Gartner have spoken; and in their report on the top 10 tech trends of 2019, Digital Twins (DT) are not only high on their list, but their proliferation is predicted as staggering.
Gartner, the leading research and advisory group, predict that over 50% of large industrial companies will be employing Digital Twins within just two years. And the reason, they say is clear; it leads to a 10% improvement in effectiveness. I’m sure you’ll agree, that in an increasingly incremental business world, a 10% gain of anything is phenomenal.
What are Digital Twins?
DT’s are not brand new. N.A.S.A. used an early version when Apollo 13 ran into trouble in 1970. So, what are they? A Digital Twin is a live, connected, digital-mirror of an actual physical object or system. And it dynamically represents the actual state of the physical version, in real time – using the Internet of Things (IoT) to transmit live data. i.e. It’s not just a CAD drawing of the object, or just the sensors, data, or analytics. It’s a rich and versatile resource that combines all of those technologies to show what’s happening to the real object – inside and out. And the concept can be applied to anything you can put (increasingly cheap) sensors to: from a piston in a car engine, to an aircon system, space ship, entire building… or city.
Benefits of Digital Twins
The benefits of DT vary depending on how they’re used and what scale you’re working on. Today, Bugatti uses them because, like N.A.S.A. astronauts, you really can’t afford to lose too many £2m Veyrons. It allows them to predict not just what the raw car will do, but what customers might do with them, and how they can be tailored to their needs.
In other fields, engineers could be stress-testing a washing machine for wear and tear or the consequences of heavier loads.
The benefits go beyond testing though. If configured to do so, a DT can mirror and control its real-world object – completing the loop. For example, an Operations Manager can remotely suspend a machine after its digital twin indicates excessive heat.
Additionally, DTs can make a huge impact on any in-field service. Digital Twin technology can alert a remote technician to the specific problem, allow visual inspection prior to arrival, and provide access to historical data that might have led to the issue. This ensures that the technician arrives with the tools, knowledge, and context needed to fix the problem on the first try. This is particularly useful for sites that are not readily available for inspection due to complexity, distance, or danger. As it stands, nearly a quarter of all field-service requests are not resolved on the first attempt, requiring a follow-up to complete the job. DTs also mean that by seeing the data changing, problems can often be addressed predictively – before they physically happen.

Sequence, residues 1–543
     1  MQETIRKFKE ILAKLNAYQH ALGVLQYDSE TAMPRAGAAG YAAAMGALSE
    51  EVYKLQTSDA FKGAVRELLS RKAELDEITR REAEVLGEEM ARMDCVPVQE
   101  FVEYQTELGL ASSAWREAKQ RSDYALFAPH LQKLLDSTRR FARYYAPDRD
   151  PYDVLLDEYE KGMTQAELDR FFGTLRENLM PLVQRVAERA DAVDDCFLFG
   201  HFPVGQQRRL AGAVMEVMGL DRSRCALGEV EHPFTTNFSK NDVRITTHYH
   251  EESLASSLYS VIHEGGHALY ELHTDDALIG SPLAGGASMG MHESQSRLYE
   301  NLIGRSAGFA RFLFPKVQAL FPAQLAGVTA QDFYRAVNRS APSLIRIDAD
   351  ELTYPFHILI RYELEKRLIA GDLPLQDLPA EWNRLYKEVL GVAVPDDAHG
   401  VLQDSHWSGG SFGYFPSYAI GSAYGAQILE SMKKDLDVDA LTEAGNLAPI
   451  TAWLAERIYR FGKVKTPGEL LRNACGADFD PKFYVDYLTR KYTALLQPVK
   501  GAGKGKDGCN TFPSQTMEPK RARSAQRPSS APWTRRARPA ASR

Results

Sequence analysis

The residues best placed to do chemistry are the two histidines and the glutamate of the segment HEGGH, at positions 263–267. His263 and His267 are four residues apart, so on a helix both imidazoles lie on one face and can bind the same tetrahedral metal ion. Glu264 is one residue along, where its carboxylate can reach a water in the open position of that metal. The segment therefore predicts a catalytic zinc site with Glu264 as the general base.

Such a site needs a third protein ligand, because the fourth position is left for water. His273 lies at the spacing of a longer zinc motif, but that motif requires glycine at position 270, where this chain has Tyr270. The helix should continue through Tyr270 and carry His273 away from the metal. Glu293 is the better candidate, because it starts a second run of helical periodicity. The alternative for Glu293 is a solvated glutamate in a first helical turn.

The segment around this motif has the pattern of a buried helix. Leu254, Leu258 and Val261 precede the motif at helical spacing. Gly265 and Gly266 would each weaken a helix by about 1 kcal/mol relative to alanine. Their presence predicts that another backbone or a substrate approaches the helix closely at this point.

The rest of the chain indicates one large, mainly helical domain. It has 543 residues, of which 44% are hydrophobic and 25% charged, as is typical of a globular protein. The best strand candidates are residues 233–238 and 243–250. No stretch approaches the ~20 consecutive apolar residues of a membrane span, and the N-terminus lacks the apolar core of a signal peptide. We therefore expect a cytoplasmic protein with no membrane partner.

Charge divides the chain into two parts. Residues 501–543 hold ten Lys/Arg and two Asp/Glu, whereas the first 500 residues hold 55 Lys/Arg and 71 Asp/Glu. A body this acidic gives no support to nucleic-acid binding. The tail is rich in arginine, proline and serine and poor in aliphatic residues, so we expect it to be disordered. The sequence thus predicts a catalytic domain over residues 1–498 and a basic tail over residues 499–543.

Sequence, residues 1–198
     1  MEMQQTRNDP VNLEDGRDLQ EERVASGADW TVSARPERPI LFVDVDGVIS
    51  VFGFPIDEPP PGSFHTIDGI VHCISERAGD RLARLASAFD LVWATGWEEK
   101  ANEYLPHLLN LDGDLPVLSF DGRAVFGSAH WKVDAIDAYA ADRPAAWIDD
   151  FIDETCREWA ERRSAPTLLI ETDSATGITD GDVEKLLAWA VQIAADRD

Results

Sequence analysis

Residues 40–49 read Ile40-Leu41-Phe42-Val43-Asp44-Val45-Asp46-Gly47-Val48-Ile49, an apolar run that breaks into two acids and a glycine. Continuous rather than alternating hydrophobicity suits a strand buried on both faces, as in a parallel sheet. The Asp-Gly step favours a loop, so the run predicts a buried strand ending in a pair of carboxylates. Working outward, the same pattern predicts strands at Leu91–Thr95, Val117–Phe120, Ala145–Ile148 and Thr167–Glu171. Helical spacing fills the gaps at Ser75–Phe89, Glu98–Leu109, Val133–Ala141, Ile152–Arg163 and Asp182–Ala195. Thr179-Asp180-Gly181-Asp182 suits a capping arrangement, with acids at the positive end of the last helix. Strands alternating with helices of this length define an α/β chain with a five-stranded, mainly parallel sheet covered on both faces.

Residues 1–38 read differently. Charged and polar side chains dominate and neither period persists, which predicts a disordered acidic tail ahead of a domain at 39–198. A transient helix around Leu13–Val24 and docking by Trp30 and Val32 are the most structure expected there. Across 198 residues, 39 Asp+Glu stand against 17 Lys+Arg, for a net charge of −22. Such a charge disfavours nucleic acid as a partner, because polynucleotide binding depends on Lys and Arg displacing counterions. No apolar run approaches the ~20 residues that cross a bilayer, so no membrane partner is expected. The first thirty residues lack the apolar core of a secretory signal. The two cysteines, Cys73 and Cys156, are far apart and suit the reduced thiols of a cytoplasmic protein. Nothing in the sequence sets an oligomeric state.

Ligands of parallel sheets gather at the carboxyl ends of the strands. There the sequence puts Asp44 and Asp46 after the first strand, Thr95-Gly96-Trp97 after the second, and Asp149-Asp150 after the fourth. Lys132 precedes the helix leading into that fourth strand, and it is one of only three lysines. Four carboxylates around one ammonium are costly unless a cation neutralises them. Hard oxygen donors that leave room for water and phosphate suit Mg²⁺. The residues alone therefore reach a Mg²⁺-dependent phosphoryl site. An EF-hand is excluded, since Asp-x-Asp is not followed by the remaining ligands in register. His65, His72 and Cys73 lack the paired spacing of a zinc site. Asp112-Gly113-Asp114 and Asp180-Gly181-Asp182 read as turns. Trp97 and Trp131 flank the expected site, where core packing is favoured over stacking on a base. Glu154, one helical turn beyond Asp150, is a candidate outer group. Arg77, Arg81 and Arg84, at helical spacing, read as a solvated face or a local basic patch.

Whatever the specifics, David Cearley at Gartner wraps the benefits up well, saying; “DTOs help drive efficiencies in business processes, as well as create more flexible, dynamic and responsive processes that can potentially react to changing conditions automatically.” And, of course, over time, as you accumulate data, you can make better and better decisions about the future.
How we use them and what we gain from DTs is still evolving, but there’s money to get out, and money to be put in.
It’s clear that for anyone operating a complex industrial system this technology can improve how you use your assets, reduce your downtime, lower maintenance costs and improve efficiency by reducing asset downtime. But, today there’s still investment needed at R&D level on software, algorithms and analytics.
It’s bigger than just a tech problem and opportunity through: As Gartner point out the real truth is that DTs don’t live in isolation “Both the business concept and model must be tested against an economic architecture – revenue, profits, return on investment (ROI), cost optimization – and a way to measure progress as the products/services are rolling out.”
Plus, the data revealed through DT’s can be used by many stakeholders. e.g. Data from a car could be used by – manufacturers, city-infrastructure designers, insurance companies, the law, the driver and others. This means there’s value to be had; but also data to be protected, risks ascertained, and ownerships established. What are the digital ethics involved?
Digital twins can be made for anything, from a single part to an entire power plant, city and even our bodies themselves (as featured in Star Trek and every other Sci Fi film). Perhaps we’ll have impending illnesses predicted and addressed before they happen. Perhaps everything will have a DT.
One thing is for sure: We’re only at the mouth of the rabbit’s warren just now. Increasingly we’ll see AI, and AR brought into play, alongside automated processes, self-repair mechanisms, and enhanced training simulations.
Today, at SSE we’re using the IoT in our Remote Optimal product. The analytics it delivers help clients understand their buildings and how they can build their company’s performance… Plus, we can spot and repair most faults before they happen, and increase machine lifespans. It’s exciting and fruitful, and it’s just the start.
If you want to chat about how we can help today, get in touch on 0345 072 9529 or email us at firstname.lastname@example.org